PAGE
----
Heritage Gateways

Official Sesquicentennial K-12 Education Project
sponsored by the Utah State Board of Education, the BYU-Public School Partnership and the Utah Education Network

Wendy Westergard Journals

July 13, 1997

Location: Bear River - 63 miles left, Wyoming - (6 rods wide, 2 feet deep. Swift current - clear and cold water; plenty of timber and grass. Altitude at ford, 6,836 feet.) - [Nine more miles and Brigham Young became sick with tick fever on July 12.] 950 1/4 miles from Winter Quarters.

Summary: Family and dreams.

Journal entry: I woke to the sound of my name being called at 7 am. It was my family!! They had arrived. They woke up the entire authentic camp. It was wonderful to have my family come out and visit me. They'll never know how much that meant to me. It helped me to feel that I wasn't an orphan of the trail for a day. It was was nice to help them experience a little of what I've and other have experienced. It gave them a little taste of what the pioneers went through.

We went to church together, which was really touching for me. I don't usually get to go to church with my extended family. After church we took pictures next to the wagons. I had lent some dresses to my cousins that were girls. Not all of them got to wear the dresses, but it was nice to give them a taste of what I've been doing. Some even got to wear drawers and a petticoat. They loved it.

I got to take my cousins on a small trail ride. We rode bareback double. It was the most fun, yet touching experience for me. It was funny to be in a completely different environment than what I was used to with them. I felt funny wearing my dress, because that is not the normal kind of clothes I wear around them. I don't have words to express how much that meant to me. They left soon after the trail ride-which made me sad. I wish they could have stayed longer.

Nathan, Justin, John, Amy, Cyndi and I went into town for a shower!! We stayed in town for a long time just hanging out at the Anderson's motel room.

When we got back to camp I thought I'd get ready for bed and I discovered a bunch of stuff in front of it. I asked the new docent group who the things belonged to. It turns out that we have a really large docent group this week and they needed to sleep in the tent as well. I knew that there was no way all three of us could fit because I had slept in the same tent with two small children and I ended up sleeping halfway out the tent. I decided to go and set up my dome tent. It is weird to set up my dome tent after being in the authentic tents. The stakes are so much more flimsy. It's like being transported into another time, back to my century. No wonder the people staying in this century tents had a hard time adjusting at first. It a lot easier if you just jump into it.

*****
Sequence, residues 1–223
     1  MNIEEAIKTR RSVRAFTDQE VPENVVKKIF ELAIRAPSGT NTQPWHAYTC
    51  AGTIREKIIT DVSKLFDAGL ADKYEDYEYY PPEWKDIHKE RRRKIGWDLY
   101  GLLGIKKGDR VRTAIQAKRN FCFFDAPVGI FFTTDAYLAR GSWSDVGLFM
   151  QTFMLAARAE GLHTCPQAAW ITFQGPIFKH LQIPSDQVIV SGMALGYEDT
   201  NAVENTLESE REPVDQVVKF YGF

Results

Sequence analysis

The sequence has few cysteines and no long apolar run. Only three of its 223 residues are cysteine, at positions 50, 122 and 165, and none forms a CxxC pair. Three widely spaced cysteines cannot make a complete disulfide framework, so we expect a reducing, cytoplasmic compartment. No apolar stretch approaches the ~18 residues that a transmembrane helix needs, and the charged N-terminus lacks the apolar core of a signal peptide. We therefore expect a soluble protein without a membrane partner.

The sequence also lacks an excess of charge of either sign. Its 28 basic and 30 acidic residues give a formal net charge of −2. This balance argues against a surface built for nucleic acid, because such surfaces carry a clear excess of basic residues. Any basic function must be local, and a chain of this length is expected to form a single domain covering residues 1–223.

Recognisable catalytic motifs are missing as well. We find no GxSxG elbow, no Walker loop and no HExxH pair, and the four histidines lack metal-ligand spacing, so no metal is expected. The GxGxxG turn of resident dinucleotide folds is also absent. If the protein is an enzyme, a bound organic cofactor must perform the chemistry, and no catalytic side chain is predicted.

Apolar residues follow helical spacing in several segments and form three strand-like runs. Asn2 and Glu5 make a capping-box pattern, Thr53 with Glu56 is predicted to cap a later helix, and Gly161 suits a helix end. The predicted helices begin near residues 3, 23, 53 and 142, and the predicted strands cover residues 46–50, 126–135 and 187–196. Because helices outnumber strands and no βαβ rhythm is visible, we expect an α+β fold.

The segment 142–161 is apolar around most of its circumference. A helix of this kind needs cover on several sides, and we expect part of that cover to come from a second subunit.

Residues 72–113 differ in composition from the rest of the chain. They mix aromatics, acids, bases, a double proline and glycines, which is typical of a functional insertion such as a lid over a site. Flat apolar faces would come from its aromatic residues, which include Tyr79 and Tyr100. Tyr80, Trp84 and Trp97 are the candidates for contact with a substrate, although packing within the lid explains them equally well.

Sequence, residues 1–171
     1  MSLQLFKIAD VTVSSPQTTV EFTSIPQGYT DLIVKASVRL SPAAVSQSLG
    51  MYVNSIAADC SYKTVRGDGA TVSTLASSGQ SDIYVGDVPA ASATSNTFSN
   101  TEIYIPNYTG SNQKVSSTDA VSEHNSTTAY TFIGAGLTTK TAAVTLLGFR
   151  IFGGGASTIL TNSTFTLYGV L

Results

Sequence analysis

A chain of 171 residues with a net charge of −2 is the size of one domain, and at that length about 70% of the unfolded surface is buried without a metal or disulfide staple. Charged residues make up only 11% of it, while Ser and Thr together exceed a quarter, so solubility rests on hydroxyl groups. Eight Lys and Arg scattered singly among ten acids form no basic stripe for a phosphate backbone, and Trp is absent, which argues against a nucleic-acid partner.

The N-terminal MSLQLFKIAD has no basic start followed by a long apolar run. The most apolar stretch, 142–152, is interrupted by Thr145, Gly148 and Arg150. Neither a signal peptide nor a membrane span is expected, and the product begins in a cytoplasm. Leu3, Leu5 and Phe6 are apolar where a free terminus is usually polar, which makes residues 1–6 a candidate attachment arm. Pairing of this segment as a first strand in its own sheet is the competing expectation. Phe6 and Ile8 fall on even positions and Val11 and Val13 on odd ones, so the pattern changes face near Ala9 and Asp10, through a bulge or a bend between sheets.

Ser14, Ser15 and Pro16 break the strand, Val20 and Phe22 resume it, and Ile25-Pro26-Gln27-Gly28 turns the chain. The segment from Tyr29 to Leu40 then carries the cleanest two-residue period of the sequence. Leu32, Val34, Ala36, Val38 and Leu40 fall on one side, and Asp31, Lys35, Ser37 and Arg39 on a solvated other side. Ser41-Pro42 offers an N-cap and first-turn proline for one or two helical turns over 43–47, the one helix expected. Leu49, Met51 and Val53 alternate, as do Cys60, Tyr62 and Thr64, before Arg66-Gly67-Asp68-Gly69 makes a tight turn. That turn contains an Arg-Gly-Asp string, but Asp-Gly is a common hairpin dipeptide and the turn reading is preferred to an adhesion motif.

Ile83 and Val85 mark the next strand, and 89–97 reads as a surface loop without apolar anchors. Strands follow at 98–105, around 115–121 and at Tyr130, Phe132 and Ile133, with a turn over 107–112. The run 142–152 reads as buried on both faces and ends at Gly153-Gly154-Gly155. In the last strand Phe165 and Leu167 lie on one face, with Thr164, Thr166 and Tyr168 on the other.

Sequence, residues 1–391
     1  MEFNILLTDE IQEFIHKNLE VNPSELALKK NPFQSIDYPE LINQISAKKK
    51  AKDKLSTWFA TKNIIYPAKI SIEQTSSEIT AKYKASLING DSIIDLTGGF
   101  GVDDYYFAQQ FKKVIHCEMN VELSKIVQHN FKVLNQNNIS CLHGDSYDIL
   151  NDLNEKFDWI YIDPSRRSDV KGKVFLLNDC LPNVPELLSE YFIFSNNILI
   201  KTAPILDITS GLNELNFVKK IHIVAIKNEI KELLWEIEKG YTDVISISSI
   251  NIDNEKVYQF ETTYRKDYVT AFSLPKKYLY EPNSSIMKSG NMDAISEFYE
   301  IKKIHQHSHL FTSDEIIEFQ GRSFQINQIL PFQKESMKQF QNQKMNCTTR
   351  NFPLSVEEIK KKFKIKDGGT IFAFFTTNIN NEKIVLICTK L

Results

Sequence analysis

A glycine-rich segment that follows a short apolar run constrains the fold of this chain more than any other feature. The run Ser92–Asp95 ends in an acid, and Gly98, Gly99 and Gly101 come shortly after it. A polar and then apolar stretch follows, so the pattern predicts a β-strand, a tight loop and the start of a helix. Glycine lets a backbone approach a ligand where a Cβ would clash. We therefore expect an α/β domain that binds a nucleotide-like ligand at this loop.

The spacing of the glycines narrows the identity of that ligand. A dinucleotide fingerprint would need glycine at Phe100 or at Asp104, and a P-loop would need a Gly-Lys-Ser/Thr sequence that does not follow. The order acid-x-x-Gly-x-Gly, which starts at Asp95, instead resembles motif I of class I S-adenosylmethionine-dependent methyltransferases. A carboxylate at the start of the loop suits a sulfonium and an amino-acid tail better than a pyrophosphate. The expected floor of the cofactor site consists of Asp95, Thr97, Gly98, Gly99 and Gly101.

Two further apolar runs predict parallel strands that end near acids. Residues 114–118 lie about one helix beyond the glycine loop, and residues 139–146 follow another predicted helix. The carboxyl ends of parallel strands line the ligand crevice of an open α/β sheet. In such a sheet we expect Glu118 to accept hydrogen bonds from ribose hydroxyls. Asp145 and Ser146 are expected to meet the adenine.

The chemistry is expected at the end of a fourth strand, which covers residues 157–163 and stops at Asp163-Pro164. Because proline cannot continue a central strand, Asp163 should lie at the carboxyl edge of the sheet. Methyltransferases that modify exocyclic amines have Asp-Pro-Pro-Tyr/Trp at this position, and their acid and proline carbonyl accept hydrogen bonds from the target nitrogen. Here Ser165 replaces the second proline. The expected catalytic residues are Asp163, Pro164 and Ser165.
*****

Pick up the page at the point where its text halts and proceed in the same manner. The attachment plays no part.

I am so grateful for the opportunity to fulfill more than one dream out here on the trail. I originally only thought I would fulfill one. I have fulfilled three. The first, the trail. Second, to become part of other families and see how they function differently than my own. Third, I know what it feels like to feel like an orphan still----it's not as romantic as I used to think. Being an orphan on the trail makes me so much more grateful for my family. It makes me realize how much they do without actually doing much at all. Just being there gives a tremendous amount of security that I never realized made a difference in my life. I hope I will never take it for granted again.